Marshal Flagg, an aging lawman about to be retired, hears that his old nemesis, the outlaw McKaye, is back in the area and planning a robbery. Riding out to hunt down McKaye, Flagg is captured by McKaye's gang and finds out that McKaye is no longer the leader of the gang, but is considered just an aging relic by the new leader, a youngster named Waco. Waco orders Mackaye to shoot Flagg, and when Mackaye refuses Waco abandons both of them. Flagg then takes Mackaye back to town only to find out that he has been "retired", and when he sees how clueless and incompetent the new marshal and the city fathers are, he persuades Mackaye that it is up to the two of them to stop Waco and his gang from ravaging the town.
A young cop starts an elaborate con game to ensure that the family of his dead buddy gets a pension.
Two brothers must fight their way through a dangerous new town to explore a mysterious saloon.
A film documentary about the Commodore 64 (and Amiga) cracking scene in the 1980s and 1990s. In the early years of the commodore 64 cracker feed the masses with their cracked versions of computer games. In this sequel to The 8-Bit Philosophy we dive deep into the minds of famous C64 cracker like Bacchus of Fairlight or Injun of Triad. Witness their story, why they cracked protected computer games, were hated by the software industry, and hunted by the police.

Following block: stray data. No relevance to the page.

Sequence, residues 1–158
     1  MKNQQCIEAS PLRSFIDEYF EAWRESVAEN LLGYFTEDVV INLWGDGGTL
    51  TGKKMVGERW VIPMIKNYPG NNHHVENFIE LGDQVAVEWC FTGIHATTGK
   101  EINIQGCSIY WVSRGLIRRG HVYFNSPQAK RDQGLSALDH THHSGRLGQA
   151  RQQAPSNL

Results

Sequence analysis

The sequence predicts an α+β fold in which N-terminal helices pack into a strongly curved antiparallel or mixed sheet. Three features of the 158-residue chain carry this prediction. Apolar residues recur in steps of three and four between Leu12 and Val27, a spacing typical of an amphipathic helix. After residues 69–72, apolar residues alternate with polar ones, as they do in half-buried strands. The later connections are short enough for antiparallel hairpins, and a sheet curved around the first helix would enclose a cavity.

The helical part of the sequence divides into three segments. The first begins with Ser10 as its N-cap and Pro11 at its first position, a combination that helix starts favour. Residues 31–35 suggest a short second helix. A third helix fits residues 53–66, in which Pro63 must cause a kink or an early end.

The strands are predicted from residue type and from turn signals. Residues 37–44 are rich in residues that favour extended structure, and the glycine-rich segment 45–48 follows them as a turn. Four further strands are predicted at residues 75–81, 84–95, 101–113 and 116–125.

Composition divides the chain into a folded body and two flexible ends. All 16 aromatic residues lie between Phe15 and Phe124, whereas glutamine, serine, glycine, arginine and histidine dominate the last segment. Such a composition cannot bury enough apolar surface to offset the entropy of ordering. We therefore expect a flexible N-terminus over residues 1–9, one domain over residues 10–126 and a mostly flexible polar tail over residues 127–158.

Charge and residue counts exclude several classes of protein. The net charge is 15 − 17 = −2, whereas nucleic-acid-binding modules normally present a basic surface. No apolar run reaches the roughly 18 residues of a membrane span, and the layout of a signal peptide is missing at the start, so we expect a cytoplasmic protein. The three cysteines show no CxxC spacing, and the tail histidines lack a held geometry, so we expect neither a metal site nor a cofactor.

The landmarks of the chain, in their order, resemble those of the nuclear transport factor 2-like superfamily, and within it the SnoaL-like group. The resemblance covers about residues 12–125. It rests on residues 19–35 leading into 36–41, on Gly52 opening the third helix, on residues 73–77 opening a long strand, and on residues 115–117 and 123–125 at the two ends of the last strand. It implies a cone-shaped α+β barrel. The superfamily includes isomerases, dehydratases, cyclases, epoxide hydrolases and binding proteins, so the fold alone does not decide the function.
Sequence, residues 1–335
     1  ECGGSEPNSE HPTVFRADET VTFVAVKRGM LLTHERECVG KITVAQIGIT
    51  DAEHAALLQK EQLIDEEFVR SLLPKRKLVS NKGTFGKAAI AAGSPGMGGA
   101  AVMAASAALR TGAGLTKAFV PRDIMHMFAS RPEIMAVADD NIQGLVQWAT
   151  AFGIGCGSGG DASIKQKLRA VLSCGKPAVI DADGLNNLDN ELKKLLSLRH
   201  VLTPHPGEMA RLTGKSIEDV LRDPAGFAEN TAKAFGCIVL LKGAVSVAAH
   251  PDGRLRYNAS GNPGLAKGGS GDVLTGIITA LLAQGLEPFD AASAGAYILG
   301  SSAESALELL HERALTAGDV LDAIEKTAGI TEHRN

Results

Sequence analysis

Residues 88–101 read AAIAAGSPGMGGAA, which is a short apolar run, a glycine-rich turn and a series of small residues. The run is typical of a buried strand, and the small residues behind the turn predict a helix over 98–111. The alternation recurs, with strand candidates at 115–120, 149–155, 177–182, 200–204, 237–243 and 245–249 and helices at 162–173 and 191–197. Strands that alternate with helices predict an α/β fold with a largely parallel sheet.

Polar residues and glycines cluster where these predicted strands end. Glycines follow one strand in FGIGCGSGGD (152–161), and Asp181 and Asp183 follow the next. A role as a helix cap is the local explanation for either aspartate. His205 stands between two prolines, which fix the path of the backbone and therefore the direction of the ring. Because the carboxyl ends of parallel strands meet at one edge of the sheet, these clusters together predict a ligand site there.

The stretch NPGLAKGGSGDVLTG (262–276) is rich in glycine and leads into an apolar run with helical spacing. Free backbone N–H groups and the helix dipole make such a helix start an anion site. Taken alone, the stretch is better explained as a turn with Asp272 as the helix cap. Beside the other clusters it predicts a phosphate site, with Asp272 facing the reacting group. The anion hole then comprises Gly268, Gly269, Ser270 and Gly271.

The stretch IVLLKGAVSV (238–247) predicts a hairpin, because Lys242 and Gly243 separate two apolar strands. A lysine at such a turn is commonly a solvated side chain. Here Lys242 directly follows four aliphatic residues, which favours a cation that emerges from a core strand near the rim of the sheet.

Once upon the 1970s, Dan Stark and his partner, Frank Savage, were big-shot Dallas detectives. So big, in fact, that they were lauded as American heroes after saving the Governor's son. Thirty years later, Dan Stark is a washed-up detective who spends most of his time drunk or re-hashing his glory days. Dan's new partner, Jack Bailey, is an ambitious, by-the-book and overall good detective, but is sometimes a bit too snarky for his own good. His habit of undermining himself has earned him a dead-end position in the department, and he is stuck solving annoying petty theft cases that nobody else wants. Worse, he's been given the thankless task of babysitting Dan, the drunk pariah who can never keep partners for long.
The Good Guys is an American sitcom which aired on CBS from September 25, 1968 to January 23, 1970. 42 color episodes were filmed in all. As with The Governor & J.J. and Get Smart, it was produced by Talent Associates and CBS Productions. CBS Television Studios also owns the rights to this program as well.
The Good Guys was a comedy-drama television series, starting on 3 January 1992, that ran for two seasons. Produced by Yorkshire Television, it starred Nigel Havers as Guy McFadyean and Keith Barron as Guy Lofthouse.